Saturn's rings are younger than the planet itself

Saturn's rings are younger than the planet itself

The so-called "Grand Finale" signaled that the end was nigh for the probe and, on September 15, 2017, it burned up in the gas giant's atmosphere, bringing a spectacular 13 years of science in Saturn's orbit to a poignant close.

Now, data from the mission's grand finale is giving scientists insight into the extensive system, and it's potential age. After accounting for the unexpected effect of strong winds deep in Saturn's atmosphere, scientists were able to calculate the mass of the rings and infer their age.

The idea that Saturn's rings could be used to study the seismology of the planet was first suggested in 1982, long before the necessary observations were possible.

His work determined that the rings respond to vibrations within the planet itself, acting similarly to the seismometers used to measure movement caused by earthquakes.

In December of the following year it tracked the transit of Venus to test the feasibility of observing planets outside our solar system. Researchers found the rings are losing mass at the maximum rate predicted, with the ice particles being dragged into the main body of the planet by gravity.

Arguably the most elegantly attractive planet in the solar system today, Saturn may've been a far less remarkable pale dot, without its trademark rings, not that long ago.

"The discovery of deeply rotating layers is a surprising revelation about the internal structure of the planet", said Cassini project scientist Linda Spilker of NASA's Jet Propulsion Laboratory. In another 100 million years, Saturn's most distinctive feature might be gone.

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Dhingra said, "We want our model predictions to match our observations". It appeared as if the planet's atmosphere flows and moves around deep into the planet, perhaps 9,000 kilometers beneath its cloud tops.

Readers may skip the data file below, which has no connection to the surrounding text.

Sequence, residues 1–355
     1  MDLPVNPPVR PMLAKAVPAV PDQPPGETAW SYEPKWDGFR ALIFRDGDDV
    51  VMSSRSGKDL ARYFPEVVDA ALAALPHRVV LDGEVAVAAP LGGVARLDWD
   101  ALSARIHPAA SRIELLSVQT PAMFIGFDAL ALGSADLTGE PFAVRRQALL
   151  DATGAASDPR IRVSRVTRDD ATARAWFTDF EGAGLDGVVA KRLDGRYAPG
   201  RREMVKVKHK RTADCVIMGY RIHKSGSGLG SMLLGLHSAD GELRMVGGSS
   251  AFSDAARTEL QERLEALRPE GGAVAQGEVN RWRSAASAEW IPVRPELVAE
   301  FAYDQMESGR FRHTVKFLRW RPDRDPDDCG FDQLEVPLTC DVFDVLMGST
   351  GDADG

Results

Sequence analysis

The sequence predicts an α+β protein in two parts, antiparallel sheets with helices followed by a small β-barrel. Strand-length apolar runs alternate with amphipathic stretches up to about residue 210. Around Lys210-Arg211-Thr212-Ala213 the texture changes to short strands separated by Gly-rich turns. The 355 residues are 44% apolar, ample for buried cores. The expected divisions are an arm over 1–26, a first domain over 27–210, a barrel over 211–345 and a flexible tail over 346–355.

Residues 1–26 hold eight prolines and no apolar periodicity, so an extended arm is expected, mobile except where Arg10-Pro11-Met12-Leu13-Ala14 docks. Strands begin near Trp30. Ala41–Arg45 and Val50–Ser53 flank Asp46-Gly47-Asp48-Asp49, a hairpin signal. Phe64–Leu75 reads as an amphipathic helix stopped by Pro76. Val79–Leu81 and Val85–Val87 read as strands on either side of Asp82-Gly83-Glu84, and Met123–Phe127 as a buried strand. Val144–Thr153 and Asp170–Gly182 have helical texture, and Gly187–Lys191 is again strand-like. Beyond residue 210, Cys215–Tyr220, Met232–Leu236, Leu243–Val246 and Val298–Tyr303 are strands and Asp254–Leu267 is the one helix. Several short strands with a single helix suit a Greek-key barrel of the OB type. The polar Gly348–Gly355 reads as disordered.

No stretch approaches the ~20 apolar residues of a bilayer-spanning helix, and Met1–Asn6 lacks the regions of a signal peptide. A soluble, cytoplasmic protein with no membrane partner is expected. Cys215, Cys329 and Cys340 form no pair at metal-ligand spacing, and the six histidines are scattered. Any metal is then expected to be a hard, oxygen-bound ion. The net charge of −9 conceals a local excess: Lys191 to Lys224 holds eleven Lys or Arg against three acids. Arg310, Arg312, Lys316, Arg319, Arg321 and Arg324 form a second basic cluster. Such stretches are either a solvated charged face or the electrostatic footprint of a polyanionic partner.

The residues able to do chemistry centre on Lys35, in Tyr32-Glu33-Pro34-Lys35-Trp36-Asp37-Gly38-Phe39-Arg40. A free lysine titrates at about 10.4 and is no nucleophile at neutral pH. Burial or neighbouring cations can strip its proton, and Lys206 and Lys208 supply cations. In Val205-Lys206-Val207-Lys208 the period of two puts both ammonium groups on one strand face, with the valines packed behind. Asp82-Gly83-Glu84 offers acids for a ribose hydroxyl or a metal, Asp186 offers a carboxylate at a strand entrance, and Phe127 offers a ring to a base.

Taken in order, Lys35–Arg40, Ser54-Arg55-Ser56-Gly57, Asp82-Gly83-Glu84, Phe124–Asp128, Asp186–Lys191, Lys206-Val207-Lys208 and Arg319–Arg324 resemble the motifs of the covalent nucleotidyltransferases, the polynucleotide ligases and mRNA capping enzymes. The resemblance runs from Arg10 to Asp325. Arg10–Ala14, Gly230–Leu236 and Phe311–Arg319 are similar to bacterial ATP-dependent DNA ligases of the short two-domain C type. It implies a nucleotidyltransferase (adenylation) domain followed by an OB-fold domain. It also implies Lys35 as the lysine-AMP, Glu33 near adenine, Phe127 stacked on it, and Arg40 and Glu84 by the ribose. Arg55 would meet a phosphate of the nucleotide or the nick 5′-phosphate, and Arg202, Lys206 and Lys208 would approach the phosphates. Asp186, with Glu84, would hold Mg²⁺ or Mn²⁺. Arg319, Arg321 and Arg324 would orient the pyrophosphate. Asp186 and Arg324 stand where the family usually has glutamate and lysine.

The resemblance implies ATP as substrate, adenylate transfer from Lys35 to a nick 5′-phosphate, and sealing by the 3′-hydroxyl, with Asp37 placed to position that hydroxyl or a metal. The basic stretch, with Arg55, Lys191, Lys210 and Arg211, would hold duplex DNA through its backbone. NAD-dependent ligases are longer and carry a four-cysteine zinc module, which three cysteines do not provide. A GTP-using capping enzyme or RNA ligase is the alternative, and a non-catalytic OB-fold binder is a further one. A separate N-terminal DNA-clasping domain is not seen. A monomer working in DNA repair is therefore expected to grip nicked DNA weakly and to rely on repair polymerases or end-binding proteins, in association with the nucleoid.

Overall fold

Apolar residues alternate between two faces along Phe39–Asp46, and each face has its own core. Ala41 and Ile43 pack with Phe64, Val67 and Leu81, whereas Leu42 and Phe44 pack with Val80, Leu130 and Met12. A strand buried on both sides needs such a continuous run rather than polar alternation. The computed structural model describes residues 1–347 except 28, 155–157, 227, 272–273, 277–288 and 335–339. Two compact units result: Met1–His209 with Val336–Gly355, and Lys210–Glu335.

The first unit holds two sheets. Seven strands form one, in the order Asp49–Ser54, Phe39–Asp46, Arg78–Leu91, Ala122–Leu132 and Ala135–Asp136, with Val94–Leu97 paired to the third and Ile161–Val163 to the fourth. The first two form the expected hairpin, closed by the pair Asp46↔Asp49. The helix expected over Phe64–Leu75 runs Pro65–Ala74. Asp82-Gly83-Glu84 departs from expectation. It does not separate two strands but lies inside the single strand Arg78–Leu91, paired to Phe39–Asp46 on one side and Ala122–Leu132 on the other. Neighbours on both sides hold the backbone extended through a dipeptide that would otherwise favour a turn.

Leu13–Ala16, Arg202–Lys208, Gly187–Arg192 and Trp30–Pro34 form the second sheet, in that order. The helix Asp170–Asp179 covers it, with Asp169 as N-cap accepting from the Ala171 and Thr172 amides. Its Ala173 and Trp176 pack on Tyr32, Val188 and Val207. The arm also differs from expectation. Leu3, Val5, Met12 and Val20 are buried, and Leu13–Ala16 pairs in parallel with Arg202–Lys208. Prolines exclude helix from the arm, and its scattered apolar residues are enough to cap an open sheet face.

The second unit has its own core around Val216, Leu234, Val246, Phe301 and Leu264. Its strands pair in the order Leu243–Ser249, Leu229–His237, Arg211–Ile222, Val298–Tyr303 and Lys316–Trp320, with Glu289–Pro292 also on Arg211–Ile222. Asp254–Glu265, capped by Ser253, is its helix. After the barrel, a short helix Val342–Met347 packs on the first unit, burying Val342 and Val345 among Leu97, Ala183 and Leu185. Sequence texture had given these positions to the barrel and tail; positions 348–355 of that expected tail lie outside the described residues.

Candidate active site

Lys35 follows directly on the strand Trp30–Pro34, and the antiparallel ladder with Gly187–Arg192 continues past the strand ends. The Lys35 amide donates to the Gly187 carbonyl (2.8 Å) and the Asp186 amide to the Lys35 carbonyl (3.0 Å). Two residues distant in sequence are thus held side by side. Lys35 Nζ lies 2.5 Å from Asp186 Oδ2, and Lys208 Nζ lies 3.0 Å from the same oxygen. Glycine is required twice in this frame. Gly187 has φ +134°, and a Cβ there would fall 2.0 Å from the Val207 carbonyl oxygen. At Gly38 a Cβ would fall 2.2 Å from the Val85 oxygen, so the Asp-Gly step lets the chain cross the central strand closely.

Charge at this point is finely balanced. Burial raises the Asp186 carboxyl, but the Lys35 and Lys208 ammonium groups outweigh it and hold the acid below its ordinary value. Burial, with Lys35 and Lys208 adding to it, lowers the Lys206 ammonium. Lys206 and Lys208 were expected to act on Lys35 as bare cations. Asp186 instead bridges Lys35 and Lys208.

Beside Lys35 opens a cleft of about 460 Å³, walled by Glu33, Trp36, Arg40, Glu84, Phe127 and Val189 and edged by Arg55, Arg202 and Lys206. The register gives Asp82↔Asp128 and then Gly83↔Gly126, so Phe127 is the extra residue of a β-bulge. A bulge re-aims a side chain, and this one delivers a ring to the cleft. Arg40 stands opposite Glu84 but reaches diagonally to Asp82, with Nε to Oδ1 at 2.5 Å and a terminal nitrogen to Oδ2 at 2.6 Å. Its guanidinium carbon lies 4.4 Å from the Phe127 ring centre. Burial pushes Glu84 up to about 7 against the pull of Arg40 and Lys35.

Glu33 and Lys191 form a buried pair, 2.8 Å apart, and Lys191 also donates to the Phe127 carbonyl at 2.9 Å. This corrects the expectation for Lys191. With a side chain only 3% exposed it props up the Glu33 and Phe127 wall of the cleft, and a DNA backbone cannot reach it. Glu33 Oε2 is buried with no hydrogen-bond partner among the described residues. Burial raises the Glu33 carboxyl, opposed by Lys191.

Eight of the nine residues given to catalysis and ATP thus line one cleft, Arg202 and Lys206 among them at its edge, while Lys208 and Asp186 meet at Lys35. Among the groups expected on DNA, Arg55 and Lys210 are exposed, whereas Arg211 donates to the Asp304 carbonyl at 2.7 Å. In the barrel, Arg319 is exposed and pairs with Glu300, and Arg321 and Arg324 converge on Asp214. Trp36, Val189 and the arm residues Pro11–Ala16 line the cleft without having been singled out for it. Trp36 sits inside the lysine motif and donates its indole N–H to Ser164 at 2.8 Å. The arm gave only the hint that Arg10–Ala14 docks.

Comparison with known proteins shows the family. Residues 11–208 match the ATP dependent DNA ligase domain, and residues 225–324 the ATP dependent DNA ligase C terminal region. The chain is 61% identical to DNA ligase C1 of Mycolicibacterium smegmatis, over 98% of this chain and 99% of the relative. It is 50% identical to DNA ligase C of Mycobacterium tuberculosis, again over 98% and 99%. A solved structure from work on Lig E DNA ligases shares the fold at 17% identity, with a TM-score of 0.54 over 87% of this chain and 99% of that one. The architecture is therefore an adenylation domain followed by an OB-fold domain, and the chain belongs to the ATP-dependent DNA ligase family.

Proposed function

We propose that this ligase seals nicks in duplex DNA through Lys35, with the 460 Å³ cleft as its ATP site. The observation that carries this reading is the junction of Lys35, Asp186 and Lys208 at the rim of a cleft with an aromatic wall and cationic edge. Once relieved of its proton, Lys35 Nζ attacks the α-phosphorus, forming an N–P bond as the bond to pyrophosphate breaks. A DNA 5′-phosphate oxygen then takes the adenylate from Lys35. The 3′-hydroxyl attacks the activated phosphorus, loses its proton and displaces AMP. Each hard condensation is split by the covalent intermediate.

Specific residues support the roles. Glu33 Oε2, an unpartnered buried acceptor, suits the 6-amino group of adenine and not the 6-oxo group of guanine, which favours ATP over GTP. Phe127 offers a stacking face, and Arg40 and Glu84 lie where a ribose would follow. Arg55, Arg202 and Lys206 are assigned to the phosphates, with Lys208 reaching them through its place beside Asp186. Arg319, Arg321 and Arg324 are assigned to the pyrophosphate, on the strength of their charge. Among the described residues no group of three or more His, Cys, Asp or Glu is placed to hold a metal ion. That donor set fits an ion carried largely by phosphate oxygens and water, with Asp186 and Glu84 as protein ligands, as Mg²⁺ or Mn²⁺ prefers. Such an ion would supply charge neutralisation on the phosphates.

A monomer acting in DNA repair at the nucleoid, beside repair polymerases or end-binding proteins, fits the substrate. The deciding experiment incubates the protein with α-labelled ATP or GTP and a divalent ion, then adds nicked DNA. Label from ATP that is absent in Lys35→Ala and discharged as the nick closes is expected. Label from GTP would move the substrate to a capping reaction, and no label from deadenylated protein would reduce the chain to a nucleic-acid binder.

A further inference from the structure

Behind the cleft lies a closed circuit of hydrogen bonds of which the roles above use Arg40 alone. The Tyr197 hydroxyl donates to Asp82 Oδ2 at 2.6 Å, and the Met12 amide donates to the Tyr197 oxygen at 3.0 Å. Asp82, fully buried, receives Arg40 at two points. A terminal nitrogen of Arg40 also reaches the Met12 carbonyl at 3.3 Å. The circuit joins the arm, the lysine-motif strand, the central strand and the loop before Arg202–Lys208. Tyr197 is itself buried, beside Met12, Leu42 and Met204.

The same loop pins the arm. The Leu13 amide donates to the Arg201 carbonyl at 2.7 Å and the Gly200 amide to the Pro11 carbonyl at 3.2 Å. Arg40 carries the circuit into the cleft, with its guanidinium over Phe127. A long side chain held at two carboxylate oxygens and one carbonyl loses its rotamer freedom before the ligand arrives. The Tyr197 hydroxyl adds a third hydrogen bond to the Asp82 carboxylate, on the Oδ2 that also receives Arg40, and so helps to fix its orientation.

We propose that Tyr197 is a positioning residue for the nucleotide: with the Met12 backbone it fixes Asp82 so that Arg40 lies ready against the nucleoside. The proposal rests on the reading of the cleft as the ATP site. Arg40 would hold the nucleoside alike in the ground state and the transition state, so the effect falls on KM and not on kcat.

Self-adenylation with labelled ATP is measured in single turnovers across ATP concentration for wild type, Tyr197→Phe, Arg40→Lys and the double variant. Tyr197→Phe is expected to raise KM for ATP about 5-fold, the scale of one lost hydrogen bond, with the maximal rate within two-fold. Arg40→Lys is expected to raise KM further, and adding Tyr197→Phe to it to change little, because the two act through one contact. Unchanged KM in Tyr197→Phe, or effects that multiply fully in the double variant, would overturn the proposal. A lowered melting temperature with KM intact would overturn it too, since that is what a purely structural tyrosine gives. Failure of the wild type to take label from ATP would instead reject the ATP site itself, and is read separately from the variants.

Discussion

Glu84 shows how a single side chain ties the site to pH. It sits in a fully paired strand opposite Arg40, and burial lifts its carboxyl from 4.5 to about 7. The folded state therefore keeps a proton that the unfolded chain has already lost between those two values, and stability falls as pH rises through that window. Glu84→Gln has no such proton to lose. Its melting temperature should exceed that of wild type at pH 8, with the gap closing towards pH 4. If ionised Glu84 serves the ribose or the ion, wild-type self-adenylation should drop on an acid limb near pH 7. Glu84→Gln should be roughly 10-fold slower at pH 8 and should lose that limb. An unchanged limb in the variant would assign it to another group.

After decades of uncertainty, scientists have finally figured out the length of a day on Saturn. That means Saturn's rings may have formed during a time when dinosaurs roamed the Earth.

Previous efforts to narrow down the Saturn day estimated it to be 10 hours, 39 minutes, and 23 seconds based on what was known about its magnetic field from radio signals captured by the Voyager spacecraft in the 1980s. In the image above, Saturn's moon Enceladus can be seen drifting before the rings and the tiny moon Pandora.

Scientists were also able to estimate the mass of Saturn's rocky core.

Now, with the precision measurements made by Cassini's final orbits, we know that there is no hidden mass.

The sixth planet from the Sun formed about 4.5 billion years ago, along with the rest of the planets in our solar system, and spent the bulk of its existence without the characteristic rings it is known for today. She thought that the paper was of intrinsic interest, and noted that more data on rings' chemical composition could confirm estimates surrounding their age. One of the main results of his analysis is the new calculation of Saturn's rotation rate, which has been surprisingly hard to measure. So the planet could've existed without its rings for an extremely long time - up to 4,490,000,000 years.

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